The Court of Appeals for the Seventh Circuit affirmed summary judgment against a former Cracker Barrel employee's claims under Title VII of the Civil Rights Act of 1964, the Age Discrimination in Employment Act (“ADEA”), and 42 U.S.C. § 1981, finding that there was no adverse employment action when the employee quit her job in anticipation of a transfer to a different Cracker Barrel restaurant that never materialized.
The employee, a server named Ruth Andrews, served at a Cracker Barrel restaurant in Caseyville, Illinois, from 1999 until December 21, 2007. In 2002 she filed a discrimination claim against Cracker Barrel, which was settled in 2003. The manager Andrews later alleged was discriminating against her, Tremayne “J.J.” Stewart, in response to the settlement amount, stated that Andrews better hope he never becomes the general manager because "one of the first things I'm going to do is fire you."
Stewart was later promoted to GM in 2006 and again made a bonehead statement in stating that he was going to make the Caseyville restaurant the first all-black Cracker Barrel. He assigned more tables to black servers than to white servers. In Andrews’s view Stewart hired a disproportionately high percentage of black people when compared to the demographics of the local population. Stewart then routinely made inappropriate statements about Andrews' age calling her things like “old woman,” “old lady,” and “grandma.” He sometimes would grab a cane and impersonate an elderly woman when approaching Andrews. On a few occasions, Andrews complained that Stewart was unfairly reassigning large tables of male customers from older servers to younger ones; Stewart responded, “those guys don’t want to look at an old woman like you.” Once a customer left a tip for the “little old lady,” and Stewart gave it to Andrews, reasoning that she was “the only little old lady here.” For a period of time, Stewart also encouraged Andrews to stop working and instead watch her grandchildren.
Andrews apparently did all she could to complain in an effort to make this behavior and these comments stop but her complaints fell upon proverbial deaf ears and the problems never stopped. Then, as is to be expected, relations between Andrews and Stewart worsened and Stewart encouraged Andrews to transfer to a different Cracker Barrel location but the nearest location was some 70 miles away.
While it appeared that Andrews would transfer after requesting it, the facts showed Andrews and Stewart never took the formal steps necessary to make it complete despite the fact it was even announced that Andrews was transferring. Andrews then never worked at either Cracker Barrel location again after taking paid vacation after she thought she was slated to transfer and begin work at the new location, but the company's internal system considered it a quit and sent her her last remaining pay after she went AWOL for more than 3 weeks. Andrews had assumed she had been fired and then commenced her charge with the EEOC alleging sex, age and race discrimination.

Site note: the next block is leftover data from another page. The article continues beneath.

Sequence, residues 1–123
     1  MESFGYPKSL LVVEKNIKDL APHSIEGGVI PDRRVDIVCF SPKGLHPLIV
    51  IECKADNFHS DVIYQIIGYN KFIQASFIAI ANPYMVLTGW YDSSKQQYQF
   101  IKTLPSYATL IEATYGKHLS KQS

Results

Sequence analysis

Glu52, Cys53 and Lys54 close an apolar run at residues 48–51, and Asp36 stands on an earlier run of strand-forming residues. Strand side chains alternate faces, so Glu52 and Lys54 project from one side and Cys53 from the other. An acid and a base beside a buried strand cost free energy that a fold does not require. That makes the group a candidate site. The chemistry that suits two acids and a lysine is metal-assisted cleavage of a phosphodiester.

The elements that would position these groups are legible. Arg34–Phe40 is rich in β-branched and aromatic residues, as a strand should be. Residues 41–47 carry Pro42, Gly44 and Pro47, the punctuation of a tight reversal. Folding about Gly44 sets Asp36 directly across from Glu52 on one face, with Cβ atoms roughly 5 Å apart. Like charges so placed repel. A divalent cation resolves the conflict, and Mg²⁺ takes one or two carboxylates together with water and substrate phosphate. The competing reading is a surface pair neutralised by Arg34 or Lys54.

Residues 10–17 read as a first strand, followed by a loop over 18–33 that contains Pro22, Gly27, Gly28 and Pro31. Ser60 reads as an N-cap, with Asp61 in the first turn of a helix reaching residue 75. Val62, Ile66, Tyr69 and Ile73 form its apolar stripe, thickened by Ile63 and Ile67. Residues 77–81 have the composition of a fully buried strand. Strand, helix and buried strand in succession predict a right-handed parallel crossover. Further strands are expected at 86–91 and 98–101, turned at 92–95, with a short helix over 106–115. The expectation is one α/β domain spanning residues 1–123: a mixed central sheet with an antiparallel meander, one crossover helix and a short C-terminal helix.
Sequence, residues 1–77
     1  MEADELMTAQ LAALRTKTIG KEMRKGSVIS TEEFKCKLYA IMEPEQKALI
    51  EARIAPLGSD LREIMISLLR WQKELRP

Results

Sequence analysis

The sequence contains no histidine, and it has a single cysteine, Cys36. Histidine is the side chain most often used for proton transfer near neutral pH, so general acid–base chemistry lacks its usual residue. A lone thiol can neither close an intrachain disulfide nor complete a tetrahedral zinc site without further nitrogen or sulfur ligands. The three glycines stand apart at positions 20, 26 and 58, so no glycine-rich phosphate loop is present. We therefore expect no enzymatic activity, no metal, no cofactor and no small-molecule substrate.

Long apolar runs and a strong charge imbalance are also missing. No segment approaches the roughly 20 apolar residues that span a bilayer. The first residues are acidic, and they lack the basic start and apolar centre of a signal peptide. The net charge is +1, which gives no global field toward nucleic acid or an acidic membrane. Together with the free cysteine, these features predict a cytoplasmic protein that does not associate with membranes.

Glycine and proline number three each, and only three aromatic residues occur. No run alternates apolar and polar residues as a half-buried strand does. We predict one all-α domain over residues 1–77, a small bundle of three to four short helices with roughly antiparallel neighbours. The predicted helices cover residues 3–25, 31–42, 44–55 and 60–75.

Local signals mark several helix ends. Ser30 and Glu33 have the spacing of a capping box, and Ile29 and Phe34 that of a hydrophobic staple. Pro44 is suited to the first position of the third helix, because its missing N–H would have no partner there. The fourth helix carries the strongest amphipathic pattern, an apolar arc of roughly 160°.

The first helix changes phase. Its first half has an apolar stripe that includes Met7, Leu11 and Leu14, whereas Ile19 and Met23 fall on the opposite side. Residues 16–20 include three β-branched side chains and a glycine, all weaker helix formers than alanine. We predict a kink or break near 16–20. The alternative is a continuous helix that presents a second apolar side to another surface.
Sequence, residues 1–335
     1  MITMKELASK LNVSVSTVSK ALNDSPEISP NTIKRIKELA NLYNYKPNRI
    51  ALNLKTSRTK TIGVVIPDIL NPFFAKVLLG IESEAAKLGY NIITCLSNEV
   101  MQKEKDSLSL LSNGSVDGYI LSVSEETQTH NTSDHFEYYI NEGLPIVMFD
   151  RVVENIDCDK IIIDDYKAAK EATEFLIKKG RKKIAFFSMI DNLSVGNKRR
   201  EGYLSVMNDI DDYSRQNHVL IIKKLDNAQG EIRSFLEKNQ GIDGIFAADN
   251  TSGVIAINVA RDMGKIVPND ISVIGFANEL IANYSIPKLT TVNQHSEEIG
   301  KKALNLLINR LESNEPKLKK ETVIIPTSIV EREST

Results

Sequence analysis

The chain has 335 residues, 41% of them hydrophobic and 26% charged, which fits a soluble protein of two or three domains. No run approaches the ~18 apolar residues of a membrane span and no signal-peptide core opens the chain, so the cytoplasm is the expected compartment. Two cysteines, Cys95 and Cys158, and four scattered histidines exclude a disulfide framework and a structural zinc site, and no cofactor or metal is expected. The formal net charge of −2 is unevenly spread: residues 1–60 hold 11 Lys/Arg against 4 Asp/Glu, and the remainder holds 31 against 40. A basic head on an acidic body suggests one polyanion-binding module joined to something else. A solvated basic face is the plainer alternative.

The 7th Circuit, in upholding summary judgment against Andrews' claims, held that she failed at the very threshold by not showing that she "suffered a materially adverse employment action." Having not plead or claimed a constructive discharge (this was admittedly done so intentionally by her counsel), the Court held that: "The legal premise of Cracker Barrel’s argument is mani- festly sound: In the absence of circumstances suggesting a constructive discharge, an employee who voluntarily resigns cannot be said to have experienced an adverse employment action. Cf. Fenney v. Dakota, Minn. & E. R.R. Co., 327 F.3d 707, 717 (8th Cir. 2003) (noting that “a plaintiff cannot state an adverse employment action if he voluntarily resigned” unless the circumstances rise to the level of a constructive discharge)."
The Court did note some "inconsistencies" with respect to Cracker Barrel's record of Andrews' employment status while she was on vacation before she thought she was transferring but found these inconsistencies "immaterial" for purposes of summary judgment as they deemed it clear from the undisputed facts that she did in fact quit her job.
The lesson to be learned: stay in contact with your employer! Be clear on your employment status and be 100% clear on your transfer by finding out if it was approved and when you start. Certainly do not stay out of contact with your employer for weeks and then "assume" you have been terminated as most employers have policies regarding voluntary separations and the laws seem clear that an employee terminates their own employment when they simple stop showing up and stay out of contact.
The case is Andrews v CBOCS West, Inc, (7thCir, February 14, 2014, Sykes, D).